Connecting to an online database (Within an organization): How to



Hello All,
I will connect to my organization's online database and my manager mentions something about ODBC Connection.

Is there a tutorial on how to use SQL in R to connect to the online database to get the data?

I hope I phrase the question clear enough. I just don't know how to do this.

Thank you.


This should get you started!


Hello Mara,
In the link you sent me, I am having trouble understanding what DSN is.
For instance, I am looking at step 3 in "Connect to a Database"

Determine if a DSN is going to be used to connect to the database. This would be typically something that the Database Administrator, or the technical owner of the database, would setup and provide the R developer a name (known as an alias). Use dbConnect() to open a database connection in this manner:

con <- dbConnect(odbc(), "DSN name")

I ran that code in R and the result was:

Error: nanodbc/nanodbc.cpp:950: IM002: [Microsoft][ODBC Driver Manager] Data source name not found and no default driver specified 

This means my organization does not use DSN (If I am understanding DSN correctly, it is like a channel/tunnel you go through to get the data????^^), so I needed to proceed to step 4 in the same article. I had an error:

con <- dbConnect(odbc(), 
                 Driver = "SQL Server", 
                 Server = "localhost\\SQLEXPRESS", 
                 Database = "datawarehouse", 
                 Trusted_Connection = "True")

Error: nanodbc/nanodbc.cpp:950: 08001: [Microsoft][ODBC SQL Server Driver][DBNETLIB]SQL Server does not exist or access denied. 

What can I do next?

Thank you, Mara!


If you’re trying to connect to a specific existing database and you don’t know the correct credentials, you need to talk to whoever is in charge of administering the database to find out what they are. The code on the tutorial page is just an example — it’s not going to work as-is (unless by some wild coincidence you happened to have a local database with precisely that configuration!).

Here’s a basic definition of DSNs:


Thank you everyone!
My manager helped me out.


I need more help in this topic.

Now, I am using R Notebook because R script does not seem to work for me.
So, let's take a look at this example

SELECT "month_idx", "year", "month", SUM(CASE WHEN ("term_deposit" = 'yes') THEN (1.0) ELSE (0.0) END) AS "subscribe",
COUNT(*) AS "total"
FROM ("bank") 
GROUP BY "month_idx", "year", "month"

I noticed that the example put "..." around the variables such as "month_idx". I used SQL Studio Management and the SQL command we use in there does not need to put quotation mark around the variables.

I am wondering in R Notebook or R script , do I have to put quotation mark around the variables?
Because there are A LOT OF corrections for me to do that, I want to make sure whether there is a way around it.

Right now, I have:

con <- dbConnect(odbc::odbc(), "a server name will go into here")

You know like when you import a data set and store it into a variable name called "df" or something. Then you attach(df), which gives you access to variables in df without referring to "df" when you need to do some operations on the variables and you don't need a quotation mark around these variables when calling these variables. For instance, df is a dataframe with "grades" and "GPA" fields. After calling "attach(df)", you can just do some operations such as sum(GPA) instead of sum(df$GPA). I think you all know what I mean. If not, let me know.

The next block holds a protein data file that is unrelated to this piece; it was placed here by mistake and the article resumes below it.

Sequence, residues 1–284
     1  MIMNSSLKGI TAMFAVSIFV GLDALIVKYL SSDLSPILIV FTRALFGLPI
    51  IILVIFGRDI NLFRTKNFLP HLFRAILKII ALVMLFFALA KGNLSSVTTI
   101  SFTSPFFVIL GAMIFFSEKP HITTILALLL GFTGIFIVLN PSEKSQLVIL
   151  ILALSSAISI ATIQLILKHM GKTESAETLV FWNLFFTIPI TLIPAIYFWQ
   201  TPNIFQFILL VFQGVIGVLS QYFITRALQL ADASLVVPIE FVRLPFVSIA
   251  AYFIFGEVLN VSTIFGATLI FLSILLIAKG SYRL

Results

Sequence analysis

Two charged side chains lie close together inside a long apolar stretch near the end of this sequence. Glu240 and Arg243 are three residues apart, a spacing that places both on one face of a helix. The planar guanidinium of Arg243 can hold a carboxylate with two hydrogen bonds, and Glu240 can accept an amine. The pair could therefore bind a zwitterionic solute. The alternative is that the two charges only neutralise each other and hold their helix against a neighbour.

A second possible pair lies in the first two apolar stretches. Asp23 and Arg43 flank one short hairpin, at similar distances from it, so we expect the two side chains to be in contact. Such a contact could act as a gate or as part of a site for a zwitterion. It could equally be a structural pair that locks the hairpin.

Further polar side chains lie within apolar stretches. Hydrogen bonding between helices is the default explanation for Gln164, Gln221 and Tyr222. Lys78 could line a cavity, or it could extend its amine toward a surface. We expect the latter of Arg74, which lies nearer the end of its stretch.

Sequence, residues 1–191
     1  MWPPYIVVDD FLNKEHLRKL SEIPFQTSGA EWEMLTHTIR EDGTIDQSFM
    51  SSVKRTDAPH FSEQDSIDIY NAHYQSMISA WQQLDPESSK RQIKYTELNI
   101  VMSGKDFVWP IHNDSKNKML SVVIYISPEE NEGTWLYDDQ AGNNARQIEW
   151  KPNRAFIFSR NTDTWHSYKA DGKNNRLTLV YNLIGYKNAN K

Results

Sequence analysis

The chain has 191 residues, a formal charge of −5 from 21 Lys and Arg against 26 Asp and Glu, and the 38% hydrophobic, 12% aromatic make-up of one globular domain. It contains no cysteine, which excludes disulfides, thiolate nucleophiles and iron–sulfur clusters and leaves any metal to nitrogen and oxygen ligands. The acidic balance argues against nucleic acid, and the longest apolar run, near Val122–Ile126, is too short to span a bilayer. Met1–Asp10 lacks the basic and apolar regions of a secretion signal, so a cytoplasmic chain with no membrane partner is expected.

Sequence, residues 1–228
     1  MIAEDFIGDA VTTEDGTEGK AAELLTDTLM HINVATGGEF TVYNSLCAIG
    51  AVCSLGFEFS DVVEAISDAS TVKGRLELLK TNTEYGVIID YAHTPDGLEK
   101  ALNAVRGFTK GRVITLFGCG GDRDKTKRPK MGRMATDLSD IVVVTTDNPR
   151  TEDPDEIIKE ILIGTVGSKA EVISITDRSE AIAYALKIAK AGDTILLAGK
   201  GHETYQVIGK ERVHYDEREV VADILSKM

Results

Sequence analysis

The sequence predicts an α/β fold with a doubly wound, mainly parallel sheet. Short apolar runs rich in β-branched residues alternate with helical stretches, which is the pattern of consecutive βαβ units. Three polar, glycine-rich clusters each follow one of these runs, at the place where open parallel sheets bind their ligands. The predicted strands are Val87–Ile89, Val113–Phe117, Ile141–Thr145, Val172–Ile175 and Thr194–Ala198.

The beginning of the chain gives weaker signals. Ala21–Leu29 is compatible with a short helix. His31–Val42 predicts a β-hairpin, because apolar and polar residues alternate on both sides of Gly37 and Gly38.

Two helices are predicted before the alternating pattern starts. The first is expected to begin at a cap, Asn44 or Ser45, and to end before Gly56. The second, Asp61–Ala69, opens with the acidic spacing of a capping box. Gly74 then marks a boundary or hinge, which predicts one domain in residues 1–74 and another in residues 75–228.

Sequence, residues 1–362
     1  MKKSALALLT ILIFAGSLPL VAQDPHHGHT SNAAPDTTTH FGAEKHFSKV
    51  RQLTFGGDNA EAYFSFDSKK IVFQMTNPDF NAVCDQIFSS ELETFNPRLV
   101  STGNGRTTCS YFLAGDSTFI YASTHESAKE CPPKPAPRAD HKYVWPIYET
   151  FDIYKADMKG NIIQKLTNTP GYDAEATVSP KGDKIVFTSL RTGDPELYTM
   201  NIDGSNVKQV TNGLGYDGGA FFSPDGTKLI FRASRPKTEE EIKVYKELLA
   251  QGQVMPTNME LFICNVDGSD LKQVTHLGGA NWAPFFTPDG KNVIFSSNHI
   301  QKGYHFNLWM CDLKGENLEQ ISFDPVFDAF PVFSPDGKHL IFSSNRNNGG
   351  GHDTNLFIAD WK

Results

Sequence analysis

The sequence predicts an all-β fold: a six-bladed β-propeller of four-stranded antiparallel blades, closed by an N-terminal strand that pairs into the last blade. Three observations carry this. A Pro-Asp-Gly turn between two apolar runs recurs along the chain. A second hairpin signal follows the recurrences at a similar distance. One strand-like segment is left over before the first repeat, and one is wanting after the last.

I am thinking whether there is a way for me in SQL command in R notebook to call up these variables without putting ".." around the variables.

What do you think? Impossible?



SELECT  "a13.ACCTG_YEAR_KEY  ACCTG_YEAR_KEY",                       
               max("a114.ACCTG_YEAR_DESCR")  "ACCTG_YEAR_DESCR",  

Also, my friend at work informed me that in the SQL command above, the second field next to the first one is called alias. The reason why the command is set up like that is when I run the SQL command in Microsoft SQL Server Management Studio, without the second alias/field, the column, for example "a13.ACCTG_YEAR_KEY", with all the observations will show up but there is not Header. So I would think the second field such as ACCTG_YEAR_KEY is the header for the column "a13.ACCTG_YEAR_KEY".
Like I mention above, in MS SQL studio, there is not need for quotation "..."

Anyhow, I still cannot run the code. Here is the error

Error in sqlParseVariablesImpl(sql, list(sqlQuoteSpec("\"", "\""), sqlQuoteSpec("'",  : 
  Unterminated literal
Failed to execute SQL chunk

Thanks team!


I'm assuming you're talking about SQL inside a SQL chunk? Did you try running a query on your actual database without quoting the column names?

The style with all the column names identified (in this case with quotes) is defensive, since it prevents conflicts between column names and any reserved words. But different DBMSes impose different requirements, people don't always write their SQL that defensively, and column name identifiers differ between DBMSes. For instance:

Anyway, again you should not take the examples as necessarily being applicable to your database, since details of syntax vary between DBMSes. The SQL inside a SQL chunk is passed on to the database by DBI (via the knitr SQL engine), so theoretically you shouldn't have to alter how you would otherwise write SQL for your database — but honestly, the best way to sort out what will work best with your database is to test with your database.


Hmm...I am unclear...

I got it. Thanks all.


Now, in R notebook, I have this command:

```{sql, connection = con, output.var = "mydf"}

Am I able to output "mydf" into a .csc or .xlsx file?
I am loading 1 year of dataset and it has been running for 8 minutes.
Not that I am not patient but I want to run a csv file on my new machine.
It runs like light...